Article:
Pussy Riot rockers take on 'Russian leader' in new House Of Cards series

The two Pussy Riot punk rockers who served jail time for a stunt slamming President Vladimir Putin - Nadezhda Tolokonnikova (left) and Maria Alyokhina - have once again struck out at the Russian leader. -- PHOTO: AFP
The two Pussy Riot punk rockers who served jail time for a stunt slamming President Vladimir Putin - Nadezhda Tolokonnikova (left) and Maria Alyokhina - have once again struck out at the Russian leader. -- PHOTO: AFP

MOSCOW (AFP) - The two Pussy Riot punk rockers who served jail time for a stunt slamming President Vladimir Putin have once again struck out at the Russian leader.

The forum for their latest swipe at the Kremlin strongman is season three of the hit US television series House Of Cards, which premieres Friday on Netflix, the women said in an interview released Wednesday.

In the new series, Pussy Riot members Nadezhda Tolokonnikova and Maria Alyokhina come face-to-face with a fictional Russian leader, Viktor Petrov, at a dinner party thrown by Kevin Spacey's scheming anti-hero Frank Underwood.

The dinner turns into a disaster as the Russian punks, who play themselves along with fellow activist Pyotr Verzilov, launch into an angry tirade against Underwood's guest.

"We stand up, Petya (Verzilov) bangs the table with his fist and says that we would like to propose a toast," Tolokonnikova told the New Times, a Russian opposition magazine.

"And we drink to the Russian president who loves his friends so much that he has sold them half the country, the commander-in-chief who is not afraid of anyone except gays," the 25-year-old said.

Underwood then watches the activists perform a song they wrote for the series, together with Le Tigre, a US feminist band.

Tolokonnikova said that the creator of the series, Beau Willimon, asked them to write a song "directed against this fictional 'Putin'".

"We thought such a move would be too blunt and we wrote for them an international English-language song Don't Cry Genocide, which is devoted to the militarisation of society and to American drones in particular."

The activists said that Russia featured prominently in the third season, chalking it up to the Ukraine conflict.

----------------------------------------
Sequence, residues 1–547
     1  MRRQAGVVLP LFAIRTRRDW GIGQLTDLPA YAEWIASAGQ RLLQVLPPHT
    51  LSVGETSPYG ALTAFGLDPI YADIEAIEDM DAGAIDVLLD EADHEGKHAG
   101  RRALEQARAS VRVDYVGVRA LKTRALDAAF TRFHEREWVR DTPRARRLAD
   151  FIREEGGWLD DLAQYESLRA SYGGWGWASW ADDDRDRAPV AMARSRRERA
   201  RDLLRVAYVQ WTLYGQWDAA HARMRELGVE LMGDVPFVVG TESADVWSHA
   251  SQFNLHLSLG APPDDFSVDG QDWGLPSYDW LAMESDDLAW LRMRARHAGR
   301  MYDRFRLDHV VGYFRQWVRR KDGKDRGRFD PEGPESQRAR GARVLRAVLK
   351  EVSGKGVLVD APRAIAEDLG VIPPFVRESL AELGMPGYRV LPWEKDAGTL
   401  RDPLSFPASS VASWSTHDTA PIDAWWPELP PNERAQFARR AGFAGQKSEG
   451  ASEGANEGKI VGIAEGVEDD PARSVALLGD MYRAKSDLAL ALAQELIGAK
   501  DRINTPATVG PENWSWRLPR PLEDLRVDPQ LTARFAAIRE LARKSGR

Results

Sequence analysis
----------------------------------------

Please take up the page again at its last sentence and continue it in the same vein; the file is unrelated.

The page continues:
In February 2012, several members of Pussy Riot stormed the altar of a Moscow church and attempted to sing what they called a "punk prayer" calling on the Virgin Mary to "drive Putin out".

Tolokonnikova and Alyokhina were jailed for hooliganism and released in late 2013.

'HYBRID BETWEEN YELTSIN AND PUTIN'

Tolokonnikova said that Petrov's character had been modelled on Putin and that Willimon wanted the fictional president and Putin to have the same initials.

The Russian leader is played by Danish actor Lars Mikkelsen who bears a strong resemblance to the president.

For Tolokonnikova, however, Mikkelsen was too tall.

"And his face is too withered. This is an early Putin, before Botox."

The activists said they felt the creators of the US hit drama had failed to grasp the true nature of former KGB agent Putin.

"I think they don't quite understand what a member of the KGB is. In the film, Petrov is more of a little tsar," said Alyokhina, 26.

"He is too jolly for Putin, of course. Actually this is some sort of hybrid between Yeltsin and Putin."

Alyokhina said that Petrov acts way out of character for a Putin-alike: he drinks, sings and kisses Underwood's wife Claire on the lips.

'LEARNING ENGLISH HARD AS HELL'

After their ordeal the Pussy Riot punks shot to global stardom, appearing on stage with Madonna in New York last year and recently releasing a song that takes aim at US police brutality.

The shooting of the scenes involving the Pussy Riot lasted three days and they even had their own trailer.

"Several more days we were present on the film set as honoured guests," said Tolokonnikova.

"It was hard as hell to learn all these English phrases," she added.

Tolokonnikova praised the TV series - which counts Russian opposition leader Alexei Navalny among its fans - for showing what politics is all about.

"Of course, Underwood's story is exaggerated but it would be stupid to deny that there are lots of problems in US politics."